Passenger vehicle sales increased 9.3% in June in China thanks to increased discounts aimed at clearing stocks and reaching half-year targets.
Vehicle wholesale deliveries reached 1.4 million units in June, an increase from 1.28 million units in June 2012, according to China Association of Automobiles Manufacturers.
“A lot of dealers are urged to clean the inventory of the old models,” said Vivien Chan, a Hong Kong-based analyst at Oriental Patron Holdings. “That’s why they give a little bit bigger discounts to drive the sales.”
Last month GM broke ground on a new Cadillac plant in China, and Ford and PSA Peugeot Citroen opened new facilities, as foreign automakers have began to expand in the region, considered the largest auto market in the world. Demand from first-time buyers in smaller cities continues to rapidly increase, according to Jeff Chung, a Hong Kong-based automotive analyst at Daiwa Securities Group.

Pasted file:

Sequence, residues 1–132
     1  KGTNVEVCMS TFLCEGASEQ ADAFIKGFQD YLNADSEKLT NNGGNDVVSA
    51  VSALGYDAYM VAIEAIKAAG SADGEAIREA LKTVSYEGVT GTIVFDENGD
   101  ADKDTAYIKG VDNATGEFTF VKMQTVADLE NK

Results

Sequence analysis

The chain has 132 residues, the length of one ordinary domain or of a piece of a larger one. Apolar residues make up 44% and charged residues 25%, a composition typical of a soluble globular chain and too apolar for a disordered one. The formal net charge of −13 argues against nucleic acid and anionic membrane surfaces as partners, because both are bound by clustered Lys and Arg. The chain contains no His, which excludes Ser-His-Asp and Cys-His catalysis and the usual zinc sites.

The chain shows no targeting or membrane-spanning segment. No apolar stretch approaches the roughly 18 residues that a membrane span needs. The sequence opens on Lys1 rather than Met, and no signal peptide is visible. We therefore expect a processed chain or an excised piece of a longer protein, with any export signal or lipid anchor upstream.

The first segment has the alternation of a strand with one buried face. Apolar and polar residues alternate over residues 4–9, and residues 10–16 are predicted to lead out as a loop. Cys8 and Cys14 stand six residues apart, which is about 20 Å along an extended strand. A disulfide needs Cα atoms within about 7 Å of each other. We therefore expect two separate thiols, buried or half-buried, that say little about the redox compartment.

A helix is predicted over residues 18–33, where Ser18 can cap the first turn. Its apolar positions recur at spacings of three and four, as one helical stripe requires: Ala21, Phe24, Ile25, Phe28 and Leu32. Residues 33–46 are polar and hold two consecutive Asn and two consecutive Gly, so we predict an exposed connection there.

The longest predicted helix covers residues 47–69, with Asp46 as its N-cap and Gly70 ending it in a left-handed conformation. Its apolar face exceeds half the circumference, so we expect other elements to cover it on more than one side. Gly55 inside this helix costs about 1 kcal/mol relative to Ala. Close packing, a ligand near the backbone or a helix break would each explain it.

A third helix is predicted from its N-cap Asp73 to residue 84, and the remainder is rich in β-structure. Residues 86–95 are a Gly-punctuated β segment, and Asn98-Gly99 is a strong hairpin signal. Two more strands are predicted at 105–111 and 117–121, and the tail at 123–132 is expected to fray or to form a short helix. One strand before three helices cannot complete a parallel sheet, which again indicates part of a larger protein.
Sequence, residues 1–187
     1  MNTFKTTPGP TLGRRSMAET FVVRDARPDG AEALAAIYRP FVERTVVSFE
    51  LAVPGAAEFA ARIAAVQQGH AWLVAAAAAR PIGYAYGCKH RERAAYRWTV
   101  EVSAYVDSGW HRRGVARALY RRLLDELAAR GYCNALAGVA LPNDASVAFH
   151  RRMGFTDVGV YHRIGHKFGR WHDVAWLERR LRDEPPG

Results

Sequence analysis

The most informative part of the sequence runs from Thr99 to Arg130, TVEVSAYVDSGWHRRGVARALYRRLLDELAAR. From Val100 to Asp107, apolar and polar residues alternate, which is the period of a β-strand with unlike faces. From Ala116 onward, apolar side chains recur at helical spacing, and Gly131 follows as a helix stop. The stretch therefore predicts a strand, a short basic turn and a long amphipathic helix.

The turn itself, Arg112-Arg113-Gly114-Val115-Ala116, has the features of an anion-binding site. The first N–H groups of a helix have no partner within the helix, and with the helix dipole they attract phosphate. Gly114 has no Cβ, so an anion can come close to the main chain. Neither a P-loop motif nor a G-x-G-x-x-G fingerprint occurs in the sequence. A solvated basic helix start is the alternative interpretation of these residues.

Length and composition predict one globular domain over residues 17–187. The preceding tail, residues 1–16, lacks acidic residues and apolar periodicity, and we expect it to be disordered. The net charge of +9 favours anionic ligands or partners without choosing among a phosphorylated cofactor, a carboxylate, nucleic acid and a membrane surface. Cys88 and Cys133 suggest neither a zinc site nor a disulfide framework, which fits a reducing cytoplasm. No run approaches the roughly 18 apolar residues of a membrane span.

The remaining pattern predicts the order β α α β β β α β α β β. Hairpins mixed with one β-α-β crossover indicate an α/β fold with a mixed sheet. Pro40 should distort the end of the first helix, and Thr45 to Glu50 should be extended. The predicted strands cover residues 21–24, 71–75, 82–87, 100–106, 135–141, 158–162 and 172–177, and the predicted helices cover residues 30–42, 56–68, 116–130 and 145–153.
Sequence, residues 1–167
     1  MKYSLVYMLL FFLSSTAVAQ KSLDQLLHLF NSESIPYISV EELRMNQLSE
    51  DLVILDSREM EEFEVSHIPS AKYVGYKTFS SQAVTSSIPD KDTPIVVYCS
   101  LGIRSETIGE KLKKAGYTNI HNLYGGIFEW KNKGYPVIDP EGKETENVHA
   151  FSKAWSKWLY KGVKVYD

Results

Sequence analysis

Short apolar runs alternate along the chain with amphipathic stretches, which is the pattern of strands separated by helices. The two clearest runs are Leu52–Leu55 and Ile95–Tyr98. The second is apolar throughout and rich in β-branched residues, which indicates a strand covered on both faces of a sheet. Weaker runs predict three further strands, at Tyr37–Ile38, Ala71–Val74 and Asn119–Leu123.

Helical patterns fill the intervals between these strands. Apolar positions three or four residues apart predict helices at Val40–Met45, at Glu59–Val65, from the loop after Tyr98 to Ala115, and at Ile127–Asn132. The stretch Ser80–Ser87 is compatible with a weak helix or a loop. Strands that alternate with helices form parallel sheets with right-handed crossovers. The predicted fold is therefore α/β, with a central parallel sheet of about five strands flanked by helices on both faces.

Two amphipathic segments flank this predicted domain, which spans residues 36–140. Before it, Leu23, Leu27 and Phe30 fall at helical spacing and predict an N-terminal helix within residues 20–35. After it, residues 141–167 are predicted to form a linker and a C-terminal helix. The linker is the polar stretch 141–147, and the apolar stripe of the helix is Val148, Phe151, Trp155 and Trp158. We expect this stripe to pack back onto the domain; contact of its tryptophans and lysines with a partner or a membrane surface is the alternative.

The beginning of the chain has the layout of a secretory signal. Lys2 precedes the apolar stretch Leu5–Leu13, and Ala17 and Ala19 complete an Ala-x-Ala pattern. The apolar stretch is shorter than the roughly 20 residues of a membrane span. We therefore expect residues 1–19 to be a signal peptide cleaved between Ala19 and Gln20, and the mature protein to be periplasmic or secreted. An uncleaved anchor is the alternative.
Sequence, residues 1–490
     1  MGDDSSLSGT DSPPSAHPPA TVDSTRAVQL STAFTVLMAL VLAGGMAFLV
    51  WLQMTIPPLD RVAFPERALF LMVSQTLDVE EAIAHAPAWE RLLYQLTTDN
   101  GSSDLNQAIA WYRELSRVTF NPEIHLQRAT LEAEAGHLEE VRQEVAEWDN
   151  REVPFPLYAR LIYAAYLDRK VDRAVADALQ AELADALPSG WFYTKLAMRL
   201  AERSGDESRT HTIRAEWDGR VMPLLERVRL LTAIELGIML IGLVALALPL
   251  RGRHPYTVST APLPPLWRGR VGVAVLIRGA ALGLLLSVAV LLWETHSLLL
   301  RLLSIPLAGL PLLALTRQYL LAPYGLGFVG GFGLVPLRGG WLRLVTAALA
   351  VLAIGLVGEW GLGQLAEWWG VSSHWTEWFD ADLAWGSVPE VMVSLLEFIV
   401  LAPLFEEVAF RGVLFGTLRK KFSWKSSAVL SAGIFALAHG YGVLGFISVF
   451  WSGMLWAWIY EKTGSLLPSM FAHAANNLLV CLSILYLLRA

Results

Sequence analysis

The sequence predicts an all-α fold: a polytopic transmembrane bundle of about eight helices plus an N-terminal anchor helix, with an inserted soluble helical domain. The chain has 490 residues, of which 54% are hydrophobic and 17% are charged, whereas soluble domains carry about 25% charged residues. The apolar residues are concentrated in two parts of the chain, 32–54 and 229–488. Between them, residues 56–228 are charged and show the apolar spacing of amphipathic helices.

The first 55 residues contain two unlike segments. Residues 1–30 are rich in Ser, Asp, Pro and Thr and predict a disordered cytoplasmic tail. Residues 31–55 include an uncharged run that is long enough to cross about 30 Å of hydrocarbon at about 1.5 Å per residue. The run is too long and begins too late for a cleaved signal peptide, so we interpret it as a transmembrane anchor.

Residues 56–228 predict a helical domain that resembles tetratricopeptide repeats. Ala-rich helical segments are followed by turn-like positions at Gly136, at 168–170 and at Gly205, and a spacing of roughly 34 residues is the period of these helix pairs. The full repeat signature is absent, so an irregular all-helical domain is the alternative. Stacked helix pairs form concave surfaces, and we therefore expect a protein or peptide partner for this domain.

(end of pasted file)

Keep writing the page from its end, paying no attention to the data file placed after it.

But China’s cash crunch begins to affect auto sales, as banks have become more drastic in approving vehicle loans. The cash cut strategy, which led interbank borrowing costs at record levels in June, have also caused, what Luo Lei, deputy secretary-general of the China Automobile Dealers Association calls “psychological panic among dealers over access to financing.”
“So far, it hasn’t caused any real damage to the industry, but if the cash crunch continues, the impact will spread to auto dealers,” said Luo Lei.